Key to a successful ecotourism destination is active participation of the local host community, says Partha Pratim Das, Advisor at Tourism Department, Government of Bodoland Territorial Council, India.
Partha Pratim Das is a wildlife conservationist from Assam. He is associated with the Manas Maozigendri Ecotourism Society as one of the founders and Project Co-ordinator since its inception till date.
The Organization under his leadership, has been initiating and working on a number of community driven projects, relating to wildlife protection, conservation and tourism driven, community livelihood issues.
His relentless work to stop the menace of poaching has lead to the implementation of some ingenious social and livelihood practices in the Manas National Park area.
Here, in an Interview with EcoTourism Expert, Partha Pratim Das tells his story of being raised in the forest and also taught the importance of protecting the wildlife in Assam.
- Can you tell us about your interest in the subject of wildlife conservation, ecotourism etc and the projects you initiated during the earlier days in this field? What was the driving force behind your passion?
- My interest in Wildlife was initiated by being with my maternal grandfather, who happened to be a forest Ranger from the Raj Era. He introduced me to the wildlife and the great authors who wrote on Wildlife in Assam. He is the one who taught me the need to live with the Nature in Harmony. I was brought up with the elephants of forest department. We literally grew up together. So the passion for them is imbibed from my childhood days of growing up in that environment.
- Currently, as Advisor to the Tourism Department Govt. of Bodoland Territorial Council, can you tell us about the projects that you have undertaken relating to wildlife protection, conservation and tourism driven issue?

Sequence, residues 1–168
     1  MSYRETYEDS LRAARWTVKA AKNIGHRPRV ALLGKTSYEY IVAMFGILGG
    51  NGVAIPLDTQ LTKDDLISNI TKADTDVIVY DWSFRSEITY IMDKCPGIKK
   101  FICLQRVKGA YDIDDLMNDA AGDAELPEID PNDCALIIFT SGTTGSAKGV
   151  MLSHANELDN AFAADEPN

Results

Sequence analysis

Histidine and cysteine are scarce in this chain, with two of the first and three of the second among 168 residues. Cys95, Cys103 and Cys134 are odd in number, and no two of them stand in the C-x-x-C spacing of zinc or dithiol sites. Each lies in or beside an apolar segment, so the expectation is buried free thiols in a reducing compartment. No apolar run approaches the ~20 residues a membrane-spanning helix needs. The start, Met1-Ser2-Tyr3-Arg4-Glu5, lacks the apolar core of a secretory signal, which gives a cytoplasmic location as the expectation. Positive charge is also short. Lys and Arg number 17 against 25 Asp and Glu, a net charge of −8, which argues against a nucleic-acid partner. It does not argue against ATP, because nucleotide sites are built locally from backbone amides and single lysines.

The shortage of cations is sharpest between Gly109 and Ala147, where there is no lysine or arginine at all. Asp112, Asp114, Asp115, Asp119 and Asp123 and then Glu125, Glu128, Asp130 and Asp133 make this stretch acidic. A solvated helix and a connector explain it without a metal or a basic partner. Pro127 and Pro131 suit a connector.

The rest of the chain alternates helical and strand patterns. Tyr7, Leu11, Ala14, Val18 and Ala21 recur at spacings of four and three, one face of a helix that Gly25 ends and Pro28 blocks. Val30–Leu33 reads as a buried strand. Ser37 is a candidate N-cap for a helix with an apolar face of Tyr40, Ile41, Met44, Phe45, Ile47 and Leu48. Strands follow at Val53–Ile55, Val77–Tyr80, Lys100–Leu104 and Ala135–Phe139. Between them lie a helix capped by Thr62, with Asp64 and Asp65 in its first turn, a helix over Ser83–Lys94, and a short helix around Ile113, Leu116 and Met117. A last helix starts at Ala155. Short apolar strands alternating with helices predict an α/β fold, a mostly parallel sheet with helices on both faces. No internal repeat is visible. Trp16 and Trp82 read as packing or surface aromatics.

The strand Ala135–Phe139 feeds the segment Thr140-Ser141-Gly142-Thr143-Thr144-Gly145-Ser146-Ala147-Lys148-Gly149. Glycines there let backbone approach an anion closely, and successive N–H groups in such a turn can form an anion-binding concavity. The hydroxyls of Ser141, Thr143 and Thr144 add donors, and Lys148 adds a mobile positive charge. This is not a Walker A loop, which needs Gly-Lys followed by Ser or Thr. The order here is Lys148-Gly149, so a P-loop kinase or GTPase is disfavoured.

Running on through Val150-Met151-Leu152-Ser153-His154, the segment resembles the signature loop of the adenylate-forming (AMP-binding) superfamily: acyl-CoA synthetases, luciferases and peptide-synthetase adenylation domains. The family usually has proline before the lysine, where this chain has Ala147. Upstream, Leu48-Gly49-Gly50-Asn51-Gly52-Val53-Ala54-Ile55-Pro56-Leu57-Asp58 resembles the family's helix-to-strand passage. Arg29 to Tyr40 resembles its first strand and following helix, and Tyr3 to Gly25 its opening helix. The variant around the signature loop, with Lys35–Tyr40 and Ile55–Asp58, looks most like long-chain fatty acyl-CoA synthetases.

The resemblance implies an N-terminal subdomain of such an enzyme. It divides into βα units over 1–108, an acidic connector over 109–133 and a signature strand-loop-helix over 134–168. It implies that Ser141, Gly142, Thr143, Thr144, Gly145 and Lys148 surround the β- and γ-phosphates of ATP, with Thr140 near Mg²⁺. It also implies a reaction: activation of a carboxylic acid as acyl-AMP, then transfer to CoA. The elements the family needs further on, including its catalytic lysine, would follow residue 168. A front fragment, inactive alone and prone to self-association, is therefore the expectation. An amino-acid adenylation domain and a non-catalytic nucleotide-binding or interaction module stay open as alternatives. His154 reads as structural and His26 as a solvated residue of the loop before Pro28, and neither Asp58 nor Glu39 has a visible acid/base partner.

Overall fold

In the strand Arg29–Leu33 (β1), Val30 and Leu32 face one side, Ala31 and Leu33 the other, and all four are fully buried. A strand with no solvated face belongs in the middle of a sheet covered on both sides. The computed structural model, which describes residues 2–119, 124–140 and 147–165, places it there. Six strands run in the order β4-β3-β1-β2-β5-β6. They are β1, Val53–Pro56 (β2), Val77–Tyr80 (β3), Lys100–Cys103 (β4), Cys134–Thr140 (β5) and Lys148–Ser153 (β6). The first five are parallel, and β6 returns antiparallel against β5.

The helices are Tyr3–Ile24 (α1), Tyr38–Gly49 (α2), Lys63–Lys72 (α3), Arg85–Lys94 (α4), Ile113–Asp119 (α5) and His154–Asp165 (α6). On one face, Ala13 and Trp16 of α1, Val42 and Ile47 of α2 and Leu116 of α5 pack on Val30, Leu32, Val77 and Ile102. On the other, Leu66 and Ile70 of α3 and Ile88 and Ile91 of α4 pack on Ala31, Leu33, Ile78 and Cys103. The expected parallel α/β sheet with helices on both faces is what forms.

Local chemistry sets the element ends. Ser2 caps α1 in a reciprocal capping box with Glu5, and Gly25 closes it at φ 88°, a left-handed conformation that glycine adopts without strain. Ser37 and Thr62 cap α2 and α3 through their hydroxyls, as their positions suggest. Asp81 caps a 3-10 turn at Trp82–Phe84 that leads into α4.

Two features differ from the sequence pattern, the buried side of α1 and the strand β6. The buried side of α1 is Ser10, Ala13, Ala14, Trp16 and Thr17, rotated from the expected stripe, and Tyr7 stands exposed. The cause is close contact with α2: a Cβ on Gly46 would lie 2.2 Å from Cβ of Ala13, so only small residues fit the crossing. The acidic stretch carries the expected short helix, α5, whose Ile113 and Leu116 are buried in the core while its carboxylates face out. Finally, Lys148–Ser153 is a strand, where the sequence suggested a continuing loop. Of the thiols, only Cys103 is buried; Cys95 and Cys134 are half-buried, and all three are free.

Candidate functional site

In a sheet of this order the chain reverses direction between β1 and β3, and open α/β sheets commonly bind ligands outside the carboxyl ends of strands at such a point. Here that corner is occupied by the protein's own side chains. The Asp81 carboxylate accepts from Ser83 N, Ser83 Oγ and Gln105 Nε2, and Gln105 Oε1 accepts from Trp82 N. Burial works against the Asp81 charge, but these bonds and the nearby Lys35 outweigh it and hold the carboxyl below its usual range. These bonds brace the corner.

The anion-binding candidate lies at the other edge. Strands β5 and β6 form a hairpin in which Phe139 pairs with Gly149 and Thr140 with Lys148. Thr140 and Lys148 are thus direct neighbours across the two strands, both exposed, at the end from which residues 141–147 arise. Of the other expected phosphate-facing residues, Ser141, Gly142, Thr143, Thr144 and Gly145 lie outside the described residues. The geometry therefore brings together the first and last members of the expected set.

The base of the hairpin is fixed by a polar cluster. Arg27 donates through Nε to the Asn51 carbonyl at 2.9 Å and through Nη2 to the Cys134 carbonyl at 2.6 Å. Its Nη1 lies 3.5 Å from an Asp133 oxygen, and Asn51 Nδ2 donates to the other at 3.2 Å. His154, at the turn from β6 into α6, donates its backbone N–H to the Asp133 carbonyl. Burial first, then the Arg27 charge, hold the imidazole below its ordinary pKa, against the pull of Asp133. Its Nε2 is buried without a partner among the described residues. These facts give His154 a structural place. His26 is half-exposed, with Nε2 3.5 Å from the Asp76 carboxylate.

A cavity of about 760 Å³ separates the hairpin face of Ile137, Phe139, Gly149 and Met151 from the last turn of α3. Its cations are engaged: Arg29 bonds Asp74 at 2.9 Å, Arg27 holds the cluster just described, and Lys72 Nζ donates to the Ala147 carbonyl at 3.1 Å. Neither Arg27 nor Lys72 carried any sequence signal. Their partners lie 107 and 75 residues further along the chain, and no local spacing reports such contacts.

- Bodoland tourism has been able to facilitate the biggest community conservation and ecotourism initiative in India with the active participation of the villagers living in the fringe areas of Manas National Park and elsewhere.
- What was your experience handling the ‘Manas Maozigendri Eco-tourism Society’ as the founder member and Project Manager of the NGO? Are you still associated with the other projects initiated by this organisation? How successful were your initiatives to empower local communities?
- Maozigendri is one of the most appreciated community conservation initiative in the world today. UNESCO world heritage site committee had mentioned about this community led initiative in its reports.
I am still a part of the Maozigendri family as a mentor to the younger guys in the group who are currently leading it from the front.
The initiative was able to bring the sense of belongingness to the local community and they took the responsibility to bring back the glory of Manas as a world heritage site. Today this model is replicated across the country and abroad.
Manas Maozigendri Eco-tourism Society is the most successful community conservation initiative in India. It has already won a few national Awards from Ministry of Environment & Forest and INTACH (Indian National Trust for Art culture & Heritage). As a founder member and Project Manager of the NGO I was involved in planning and execution of all the programs.
- What strategies can you suggest for developing a good eco-tourism destination; and also promote investment including microcredit initiatives for local and indigenous communities? Any thoughts?
Key to a successful ecotourism destination is active participation of the local host community. We have to be able to built a consensus with the community and let them drive the initiative. Financial inclusiveness of the community is critical for long term sustainability of the project. So, linking up such initiatives with the institutions and markets will ensure their long term success.
- What’s the position of Tourism in general in Assam as of today? Post COVID-19, what steps should be taken to improve the tourism sector in the State, which has been severely hit these past few months?
- COVID-19 has hit the tourism Industry in Assam as badly as anywhere else. But we are positive that it will bounce back. Most of our tourism assets are nature based and are generally hygienic. We do not have mass tourism destinations. We have to focus on our basics to tide over this period and better prepare for the needs of the tourists post COVID-19.